Spacecraft’s death plunge into Saturn
TAMPA: After 20 years in space, NASA’s famed Cassini spacecraft made its final death plunge into Saturn late last night, ending a mission that scientists say taught us nearly everything we know about Saturn and transformed the way we think about life in the solar system.
Cassini, an international project that cost $US3.9 billion and included scientists from 27 nations, disintegrated as it dove into Saturn’s atmosphere at a speed of 120,700km/h.
“The signal from the spacecraft is gone,” said program manager Earl Maize of NASA’s Jet Propulsion Laboratory.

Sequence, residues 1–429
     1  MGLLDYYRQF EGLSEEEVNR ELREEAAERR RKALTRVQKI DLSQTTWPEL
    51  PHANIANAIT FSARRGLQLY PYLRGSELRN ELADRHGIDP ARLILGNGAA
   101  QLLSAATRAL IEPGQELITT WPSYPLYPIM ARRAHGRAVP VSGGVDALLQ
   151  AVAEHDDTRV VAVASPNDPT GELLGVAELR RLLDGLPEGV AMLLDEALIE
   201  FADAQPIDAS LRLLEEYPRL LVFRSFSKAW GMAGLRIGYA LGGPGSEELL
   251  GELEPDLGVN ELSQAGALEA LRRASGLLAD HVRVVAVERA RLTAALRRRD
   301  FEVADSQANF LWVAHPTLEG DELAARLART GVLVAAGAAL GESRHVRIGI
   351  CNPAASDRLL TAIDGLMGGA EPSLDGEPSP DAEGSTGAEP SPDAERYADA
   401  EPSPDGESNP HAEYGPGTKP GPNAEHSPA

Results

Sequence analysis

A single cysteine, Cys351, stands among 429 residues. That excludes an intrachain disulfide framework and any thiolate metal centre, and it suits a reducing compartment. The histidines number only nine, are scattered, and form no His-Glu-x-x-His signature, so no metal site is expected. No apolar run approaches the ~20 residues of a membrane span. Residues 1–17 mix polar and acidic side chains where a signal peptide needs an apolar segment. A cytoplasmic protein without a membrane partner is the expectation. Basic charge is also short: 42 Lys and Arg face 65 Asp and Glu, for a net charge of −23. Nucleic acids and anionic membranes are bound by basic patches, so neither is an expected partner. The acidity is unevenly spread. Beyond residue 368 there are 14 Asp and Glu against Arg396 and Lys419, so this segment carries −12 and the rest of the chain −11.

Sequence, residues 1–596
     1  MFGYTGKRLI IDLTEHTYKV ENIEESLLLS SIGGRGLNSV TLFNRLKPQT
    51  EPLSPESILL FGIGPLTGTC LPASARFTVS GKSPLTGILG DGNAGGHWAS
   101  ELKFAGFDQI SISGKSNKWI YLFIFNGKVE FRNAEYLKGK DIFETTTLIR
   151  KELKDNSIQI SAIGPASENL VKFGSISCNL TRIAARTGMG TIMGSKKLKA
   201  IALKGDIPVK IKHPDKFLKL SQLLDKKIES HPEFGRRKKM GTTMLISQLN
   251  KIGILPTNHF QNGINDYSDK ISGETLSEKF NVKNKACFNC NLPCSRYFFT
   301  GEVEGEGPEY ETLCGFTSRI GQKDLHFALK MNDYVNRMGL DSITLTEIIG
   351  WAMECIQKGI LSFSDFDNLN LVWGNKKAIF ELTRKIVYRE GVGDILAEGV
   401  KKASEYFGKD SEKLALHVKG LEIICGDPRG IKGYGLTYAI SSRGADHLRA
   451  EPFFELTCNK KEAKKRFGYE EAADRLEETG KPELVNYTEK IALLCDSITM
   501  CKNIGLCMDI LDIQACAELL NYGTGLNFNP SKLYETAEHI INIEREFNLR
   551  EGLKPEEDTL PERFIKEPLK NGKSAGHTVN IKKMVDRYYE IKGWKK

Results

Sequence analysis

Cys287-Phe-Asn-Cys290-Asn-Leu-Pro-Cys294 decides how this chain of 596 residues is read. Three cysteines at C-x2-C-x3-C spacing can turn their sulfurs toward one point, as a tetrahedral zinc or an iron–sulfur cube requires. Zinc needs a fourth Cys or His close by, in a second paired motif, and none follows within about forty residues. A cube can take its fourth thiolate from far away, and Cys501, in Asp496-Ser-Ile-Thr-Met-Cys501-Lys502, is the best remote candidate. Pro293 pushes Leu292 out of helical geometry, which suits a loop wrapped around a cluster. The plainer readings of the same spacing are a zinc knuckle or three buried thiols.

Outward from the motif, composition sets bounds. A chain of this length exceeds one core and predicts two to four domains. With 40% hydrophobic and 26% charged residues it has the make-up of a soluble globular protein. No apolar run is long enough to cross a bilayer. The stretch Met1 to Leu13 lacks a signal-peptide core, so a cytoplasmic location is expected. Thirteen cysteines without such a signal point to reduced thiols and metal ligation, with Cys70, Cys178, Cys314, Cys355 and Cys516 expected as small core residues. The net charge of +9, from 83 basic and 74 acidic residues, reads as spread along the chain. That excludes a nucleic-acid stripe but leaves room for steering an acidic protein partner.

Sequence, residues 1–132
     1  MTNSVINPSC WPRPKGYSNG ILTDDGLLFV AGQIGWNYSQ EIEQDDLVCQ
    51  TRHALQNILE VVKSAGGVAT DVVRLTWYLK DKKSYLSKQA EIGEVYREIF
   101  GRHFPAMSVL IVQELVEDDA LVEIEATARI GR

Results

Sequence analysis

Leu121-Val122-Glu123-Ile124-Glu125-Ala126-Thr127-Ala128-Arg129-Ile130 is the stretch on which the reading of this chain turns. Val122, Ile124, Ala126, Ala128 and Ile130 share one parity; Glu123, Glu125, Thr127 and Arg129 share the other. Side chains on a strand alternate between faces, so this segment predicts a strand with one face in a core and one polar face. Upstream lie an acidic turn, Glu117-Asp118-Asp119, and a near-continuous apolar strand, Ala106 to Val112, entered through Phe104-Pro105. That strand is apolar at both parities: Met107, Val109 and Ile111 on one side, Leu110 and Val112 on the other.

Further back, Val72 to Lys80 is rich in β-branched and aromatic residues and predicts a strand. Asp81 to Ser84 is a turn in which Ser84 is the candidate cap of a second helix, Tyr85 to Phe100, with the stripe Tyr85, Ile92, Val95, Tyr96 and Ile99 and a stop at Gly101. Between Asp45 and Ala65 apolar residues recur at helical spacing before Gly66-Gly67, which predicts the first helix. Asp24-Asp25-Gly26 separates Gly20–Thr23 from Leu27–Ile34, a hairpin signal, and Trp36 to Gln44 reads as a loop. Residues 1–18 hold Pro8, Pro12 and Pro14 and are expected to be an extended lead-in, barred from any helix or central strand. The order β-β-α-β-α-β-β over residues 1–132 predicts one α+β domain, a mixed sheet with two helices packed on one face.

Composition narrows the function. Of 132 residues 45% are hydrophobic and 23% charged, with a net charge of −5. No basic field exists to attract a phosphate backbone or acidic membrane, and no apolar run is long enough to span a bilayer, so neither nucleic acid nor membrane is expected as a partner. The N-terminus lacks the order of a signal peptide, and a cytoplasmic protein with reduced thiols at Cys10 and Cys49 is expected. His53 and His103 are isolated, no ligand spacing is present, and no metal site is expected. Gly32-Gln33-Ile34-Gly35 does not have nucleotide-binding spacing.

Cassini’s final contact with Earth came at 7.55am EDT (9.55pm Sydney time). Its final descent into Saturn’s atmosphere began about 1½ hours earlier, but the signal took that long to reach Earth.
Cassini’s plunge came after its raft ran out of rocket fuel after a journey of about 7.9 billion km.
Its well-planned demise was a way to prevent any damage to Saturn’s ocean-bearing moons Titan and Enceladus, which scientists want to keep pristine for future exploration.
In its time in space, it discovered six more moons around Saturn, three-dimensional structures towering above Saturn’s rings, and a giant storm that ravaged the planet for nearly a year.